Chancellor Rishi Sunak wildly increased the UK's indebtedness in order to "save the economy". He has not shown similar concern about the safety of our streets, as a post from The Secret Barrister demonstrates.

Whether somebody awaits trial on bail or in custody is based on an assessment of risk. You generally have a right to bail unless a judge finds substantial grounds to believe you will flee, commit further offences or interfere with witnesses. 

[However, there are Custody Time Limits (CTLs),] regulations setting the maximum time that somebody awaiting trial can be remanded in custody before their trial. [...] CTLs in theory guarantee you a quicker trial. The maximum time you can be detained before your Crown Court trial is 182 days (6 months).

This can, however, be extended by the court in certain cases. The test is whether the reason for the extension is: an absent defendant/witness/judge; the need for multiple trials for a defendant; or some other "good and sufficient cause". The prosecution must also show they have acted "with all due diligence and expedition". 

If a CTL expires without an extension being granted, a defendant is released on bail. This can obviously have serious consequences. People have been killed when dangerous defendants have been released due to "CTL failures" in the legal lingo. 

Now Covid has caused problems due to the suspension in March of jury trials. So the senior judiciary introduced a protocol confirming that this amounts to a good and sufficient cause to extend CTLs.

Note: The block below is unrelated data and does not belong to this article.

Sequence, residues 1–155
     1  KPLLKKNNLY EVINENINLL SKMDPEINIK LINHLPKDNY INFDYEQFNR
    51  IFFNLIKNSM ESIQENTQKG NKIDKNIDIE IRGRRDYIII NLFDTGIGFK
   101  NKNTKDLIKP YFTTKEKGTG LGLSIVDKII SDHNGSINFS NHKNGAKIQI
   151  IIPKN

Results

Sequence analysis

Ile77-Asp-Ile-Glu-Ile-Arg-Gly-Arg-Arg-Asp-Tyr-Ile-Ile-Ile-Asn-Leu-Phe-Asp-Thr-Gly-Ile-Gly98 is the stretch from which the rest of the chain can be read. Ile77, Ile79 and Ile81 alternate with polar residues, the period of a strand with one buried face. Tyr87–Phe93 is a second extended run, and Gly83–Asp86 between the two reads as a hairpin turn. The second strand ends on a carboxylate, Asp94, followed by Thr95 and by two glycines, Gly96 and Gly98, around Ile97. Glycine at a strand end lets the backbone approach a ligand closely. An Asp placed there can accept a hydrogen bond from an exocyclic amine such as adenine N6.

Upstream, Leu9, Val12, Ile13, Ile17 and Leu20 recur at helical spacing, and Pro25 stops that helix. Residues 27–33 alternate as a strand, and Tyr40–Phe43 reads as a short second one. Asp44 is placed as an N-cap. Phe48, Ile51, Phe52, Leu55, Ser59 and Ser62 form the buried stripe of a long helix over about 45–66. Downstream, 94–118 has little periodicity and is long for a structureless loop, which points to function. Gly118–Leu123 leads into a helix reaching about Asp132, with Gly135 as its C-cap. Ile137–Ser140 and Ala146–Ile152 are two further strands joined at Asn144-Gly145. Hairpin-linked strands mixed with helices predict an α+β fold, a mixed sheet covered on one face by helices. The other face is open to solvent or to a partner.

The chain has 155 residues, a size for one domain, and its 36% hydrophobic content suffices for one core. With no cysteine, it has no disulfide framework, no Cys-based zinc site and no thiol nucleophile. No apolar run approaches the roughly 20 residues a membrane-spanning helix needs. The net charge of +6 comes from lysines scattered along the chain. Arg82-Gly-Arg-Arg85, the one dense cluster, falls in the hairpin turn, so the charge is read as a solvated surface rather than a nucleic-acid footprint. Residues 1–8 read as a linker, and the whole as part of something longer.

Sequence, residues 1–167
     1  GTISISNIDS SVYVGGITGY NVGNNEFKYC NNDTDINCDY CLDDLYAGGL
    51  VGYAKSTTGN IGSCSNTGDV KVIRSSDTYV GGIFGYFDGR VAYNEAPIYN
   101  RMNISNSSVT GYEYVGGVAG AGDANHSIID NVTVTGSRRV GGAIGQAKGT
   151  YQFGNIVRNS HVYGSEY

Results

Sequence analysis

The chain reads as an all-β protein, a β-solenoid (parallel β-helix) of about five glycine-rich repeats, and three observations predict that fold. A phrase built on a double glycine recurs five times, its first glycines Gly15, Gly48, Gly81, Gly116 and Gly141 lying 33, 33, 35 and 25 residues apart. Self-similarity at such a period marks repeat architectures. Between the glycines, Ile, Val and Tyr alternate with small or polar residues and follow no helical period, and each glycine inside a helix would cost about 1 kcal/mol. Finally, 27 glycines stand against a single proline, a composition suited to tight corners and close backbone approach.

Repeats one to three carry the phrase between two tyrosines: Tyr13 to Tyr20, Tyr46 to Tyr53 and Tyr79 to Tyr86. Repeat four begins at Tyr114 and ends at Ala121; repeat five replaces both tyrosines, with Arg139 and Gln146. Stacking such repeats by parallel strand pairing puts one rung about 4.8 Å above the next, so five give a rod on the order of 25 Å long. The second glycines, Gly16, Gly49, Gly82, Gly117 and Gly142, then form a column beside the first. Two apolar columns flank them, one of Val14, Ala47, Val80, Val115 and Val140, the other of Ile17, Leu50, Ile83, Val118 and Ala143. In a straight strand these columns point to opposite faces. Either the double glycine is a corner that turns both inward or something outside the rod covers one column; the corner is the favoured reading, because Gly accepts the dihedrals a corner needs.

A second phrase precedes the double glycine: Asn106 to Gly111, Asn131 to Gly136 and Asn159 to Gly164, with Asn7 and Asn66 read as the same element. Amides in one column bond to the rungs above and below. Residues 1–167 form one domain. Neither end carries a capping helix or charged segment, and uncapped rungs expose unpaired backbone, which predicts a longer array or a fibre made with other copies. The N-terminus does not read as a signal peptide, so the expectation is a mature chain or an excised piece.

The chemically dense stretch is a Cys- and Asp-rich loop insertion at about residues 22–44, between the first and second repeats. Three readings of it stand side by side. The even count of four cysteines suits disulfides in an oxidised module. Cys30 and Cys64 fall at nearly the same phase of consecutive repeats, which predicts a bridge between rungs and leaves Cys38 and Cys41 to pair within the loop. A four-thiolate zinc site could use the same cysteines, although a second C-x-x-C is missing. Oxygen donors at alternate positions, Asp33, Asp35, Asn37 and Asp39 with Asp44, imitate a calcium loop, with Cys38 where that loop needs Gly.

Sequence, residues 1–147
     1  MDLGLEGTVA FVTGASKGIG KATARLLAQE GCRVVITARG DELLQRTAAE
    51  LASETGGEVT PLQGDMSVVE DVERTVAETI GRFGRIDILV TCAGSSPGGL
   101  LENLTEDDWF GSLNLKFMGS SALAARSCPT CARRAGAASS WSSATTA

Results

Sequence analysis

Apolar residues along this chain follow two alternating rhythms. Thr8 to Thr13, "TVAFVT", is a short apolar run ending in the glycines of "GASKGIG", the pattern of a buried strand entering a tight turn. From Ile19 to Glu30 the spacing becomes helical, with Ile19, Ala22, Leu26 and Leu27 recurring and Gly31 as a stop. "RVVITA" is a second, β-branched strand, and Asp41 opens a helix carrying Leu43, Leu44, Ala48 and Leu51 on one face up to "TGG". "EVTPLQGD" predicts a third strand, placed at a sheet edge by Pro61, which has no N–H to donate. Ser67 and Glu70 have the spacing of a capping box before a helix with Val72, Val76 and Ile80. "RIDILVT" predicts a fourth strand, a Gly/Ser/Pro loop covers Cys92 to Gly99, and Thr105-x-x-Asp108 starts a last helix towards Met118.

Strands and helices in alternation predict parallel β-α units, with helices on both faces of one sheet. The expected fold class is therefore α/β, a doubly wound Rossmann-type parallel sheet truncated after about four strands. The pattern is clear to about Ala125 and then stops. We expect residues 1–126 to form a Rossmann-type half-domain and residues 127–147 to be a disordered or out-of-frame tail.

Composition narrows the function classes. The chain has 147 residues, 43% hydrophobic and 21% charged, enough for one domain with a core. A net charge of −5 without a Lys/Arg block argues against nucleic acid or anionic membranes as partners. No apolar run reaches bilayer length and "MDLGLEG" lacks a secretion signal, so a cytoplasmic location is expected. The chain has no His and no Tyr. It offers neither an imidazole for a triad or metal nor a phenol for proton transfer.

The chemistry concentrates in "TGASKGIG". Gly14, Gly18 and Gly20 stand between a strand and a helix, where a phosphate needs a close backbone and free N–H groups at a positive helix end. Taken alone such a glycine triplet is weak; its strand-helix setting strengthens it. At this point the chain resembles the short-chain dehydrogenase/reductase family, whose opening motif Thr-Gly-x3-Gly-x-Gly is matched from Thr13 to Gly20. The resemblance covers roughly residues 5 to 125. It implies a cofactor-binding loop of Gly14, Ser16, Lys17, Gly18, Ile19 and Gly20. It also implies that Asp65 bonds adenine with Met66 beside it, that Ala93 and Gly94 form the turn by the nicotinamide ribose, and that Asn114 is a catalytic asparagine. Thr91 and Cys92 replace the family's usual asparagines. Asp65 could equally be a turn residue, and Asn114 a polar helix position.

All well and good, but the government has done nothing to get these trials going again. There has been a consistent programme of selling off courts (totalling hundreds according to our learned friends), but, apart from setting up ten emergency "Nightingale Courts", government has not built any replacements. Getting rid of Victorian (or earlier) buildings which do not meet 21st century standards and can not be easily adapted to do so is sensible, but it also makes sense to provide capacity which does conform to current standards. 

This was too much for a Crown Court judge at Snaresbrook

While there may have been good reason to keep people in custody longer when Covid struck in March, five months on the government has sat on its hands and refused to fund the courts to get the trials running. So His Honour Justice Raynor has ruled that this does not amount to a good reason to extend.

Now this is just a Crown Court decision. It does not set a precedent. But if other judges form the same view, this will result in potentially dangerous offenders being released onto the streets pending trial, all over the country. All because the government won't pay for justice. 

"All over the country" includes Wales.

Monday, 10 August 2020

Diversity in cinema

 Sir Alan Parker, who died last week, rose from the post-room in an advertising agency to directing some of the most significant films of the late 20th and early 21st century. His description of British film's being a cottage industry and other scathing remarks made good copy for the tabloid press. In his friend David Puttnam's words, he saw through the laziness of the business as compared with the hard-driven advertising background they shared. What received less attention was Parker's interest in improving matters. Although he made virtually all his movies in Hollywood, he became an effective chairman of the British Film Institute. He was also founder chairman of the UK Film Council. Never forgetting his north London roots, he pushed the British industry to be more diverse. He started a company in Birmingham so that young film-makers not in London could make their first films.